The Cyber Space column is logging off as our intrepid new media maven Greg Skinner is moving on to head up a new on-line youth market information company. In this, his last Cyber Space, Greg looks at the year’s best kid Web sites, coming full circle from his very first KidScreen scribblings in our inaugural issue in January 1996, where he examined ‘the biggest, the baddest and best sites out there.’
It’s time for our top kid Web site picks of 1999, and this year there were plenty to choose from. But even as hoards of new dot.coms entered the fracas, several sites stood out as distinctly better than others.
Highlighting each and every great Web site would be a full-time job for 100 monkeys, so we didn’t even try. Never mind the volume-simple things like a lack of attention can demote a site from hero to zero in an instant. And while top 100 lists are good, the number of hits a site generates is often a function of market exposure through TV, exclusivity and deep pockets rather than good design. So the folks at Mina pooled findings culled from our daily surfing expeditions of the past year, using Go network’s www.hot.com kids listing of the top 100 Web sites as a control. From there, we came up with our own top picks based on elements like staying power, unique characteristics, content and navigability.
Top site for retail:
Cha-ching! With plenty of knickknacks and knickers flying everywhere, MXGonline is a true mogul in on-line shopping. The proprietor of copious amounts of clothing and lifestyle accessories for girls, the site offers up a truly comprehensive on-line catalog of the latest fashions, related ads (Pantene products), and extras like celeb interviews, tunes and trend-watching features. Highlights include a tie-in to Rocketcash (parent-sponsored on-line cash system at www.rocketcash.com) for EZ shopping, and the latest addition to the Web site, MXGtv-that’s right kids, on-line broadcasting featuring Webisodes, music videos, and digital games!
Top site for entertainment:
What’s going on in the lives of teen superstars? Teenhollywood.com has all the answers for kids wanting to revel in the latest goo on their celebrity heroes. This site has plenty of minutiae on the latest in movies, TV, music and entertainment, and visitor commentary is encouraged, so there is plenty of it. Highlights include best bets (a great vehicle for promoting new shows), daily headlines, upcoming teen TV appearances and celebrity chats on Yahoo-all in a format of easy-to-access blurbs, quick tidbits and a super clean layout.
Top site for info:
The site to visit with even the most fleeting questions on how something, anything works. Forget about community-building and visitor feedback, this little wonder delivers the goods on what makes clocks tick, rockets zoom and preserves preserve. Comprehensive explanations of related topics and plenty of pictures help kids secure that much coveted A+ on their homework. Plus, the content isn’t so advanced that Johnny average can’t understand. A little bit of color and better graphics would push this portal straight over the top.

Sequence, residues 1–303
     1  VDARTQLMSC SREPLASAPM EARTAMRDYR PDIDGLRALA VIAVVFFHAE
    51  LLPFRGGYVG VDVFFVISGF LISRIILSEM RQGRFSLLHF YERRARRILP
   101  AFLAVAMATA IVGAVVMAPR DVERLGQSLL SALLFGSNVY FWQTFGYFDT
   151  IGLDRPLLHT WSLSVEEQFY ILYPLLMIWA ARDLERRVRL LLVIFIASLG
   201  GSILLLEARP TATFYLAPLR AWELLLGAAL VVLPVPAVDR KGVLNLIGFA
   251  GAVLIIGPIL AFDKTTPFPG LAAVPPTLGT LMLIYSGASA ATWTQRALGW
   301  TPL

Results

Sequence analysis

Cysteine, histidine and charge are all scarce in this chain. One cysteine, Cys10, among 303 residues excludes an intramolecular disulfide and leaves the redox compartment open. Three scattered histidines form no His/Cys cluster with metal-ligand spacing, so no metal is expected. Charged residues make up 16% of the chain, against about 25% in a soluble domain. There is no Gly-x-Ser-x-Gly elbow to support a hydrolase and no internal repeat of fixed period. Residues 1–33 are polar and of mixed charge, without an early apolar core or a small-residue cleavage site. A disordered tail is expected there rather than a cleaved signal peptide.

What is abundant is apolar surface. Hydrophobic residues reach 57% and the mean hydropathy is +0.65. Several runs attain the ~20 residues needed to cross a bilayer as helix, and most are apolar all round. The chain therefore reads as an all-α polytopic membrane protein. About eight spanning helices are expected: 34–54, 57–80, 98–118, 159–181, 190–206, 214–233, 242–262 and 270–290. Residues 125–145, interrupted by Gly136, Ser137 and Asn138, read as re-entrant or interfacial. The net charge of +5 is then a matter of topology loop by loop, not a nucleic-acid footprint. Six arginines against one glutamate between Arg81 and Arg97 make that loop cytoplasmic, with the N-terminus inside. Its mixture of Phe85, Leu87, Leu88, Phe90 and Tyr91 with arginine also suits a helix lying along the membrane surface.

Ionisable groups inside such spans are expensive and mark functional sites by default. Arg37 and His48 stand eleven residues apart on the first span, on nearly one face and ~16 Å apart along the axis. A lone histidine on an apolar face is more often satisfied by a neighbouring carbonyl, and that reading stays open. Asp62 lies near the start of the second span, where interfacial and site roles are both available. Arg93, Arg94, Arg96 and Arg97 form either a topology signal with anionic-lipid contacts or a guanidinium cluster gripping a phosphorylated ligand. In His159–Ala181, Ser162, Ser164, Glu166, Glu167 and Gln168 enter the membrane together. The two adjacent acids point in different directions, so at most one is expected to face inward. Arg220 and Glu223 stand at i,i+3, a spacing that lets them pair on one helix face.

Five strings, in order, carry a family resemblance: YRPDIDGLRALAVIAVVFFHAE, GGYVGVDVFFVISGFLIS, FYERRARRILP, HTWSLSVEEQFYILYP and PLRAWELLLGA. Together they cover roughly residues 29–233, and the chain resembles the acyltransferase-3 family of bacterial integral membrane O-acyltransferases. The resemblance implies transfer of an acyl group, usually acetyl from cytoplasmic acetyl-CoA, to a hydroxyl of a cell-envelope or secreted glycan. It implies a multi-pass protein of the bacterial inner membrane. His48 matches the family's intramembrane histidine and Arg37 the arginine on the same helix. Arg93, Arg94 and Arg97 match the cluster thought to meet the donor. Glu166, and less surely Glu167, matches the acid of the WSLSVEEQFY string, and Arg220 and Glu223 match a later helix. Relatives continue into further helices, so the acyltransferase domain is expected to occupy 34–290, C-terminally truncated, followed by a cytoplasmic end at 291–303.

Top site for interaction: www.bolt.com
There are scads of outstanding elements that make this site a doozy, but the thing putting the pep in its pants is the understanding that kids love to have their say. Hence, interviews and kid testimonials make up the majority of the content. For instance, they post ‘your worst homework nightmare,’ racks of visitors comments for everyone to see, and stacks of popular opinion polls like ‘was the homework story BS or brilliant?’ Not only is this site entirely up to speed with topics including TV, sex and dating, college and poetry (among others), there’s also the Bolt store (snowboards, clothes, stuff), and Bolt chat. Want to meet people? We logged on to greet 4,680 others. Sign me up!
Top site for fans: www.wwf.com
Fancy the latest update on who bashed The Rock over the head with a chair, or the exploits of D-Generation X? Then this is undoubtedly the place to be. A brilliant piece of work, the key to WWF.com is that it lets fans relive the wrestling experience in vivid detail. Tons of pictures, bios, merchandise (talking trading cards, videos, pay-per-view, clothing), and the latest news on its stars, means that there is absolutely nothing missing. Even more outstanding is the use of the latest interactive media such as Realplayer and Windows Mediaplayer to deliver a plethora of fully archived video clips, sound bites and even Web casts! Hah, and you thought they were just a bunch of Neanderthals!
While Cyber Space has gone offline, Greg Skinner continues on at Mina and can still be reached at firstname.lastname@example.org.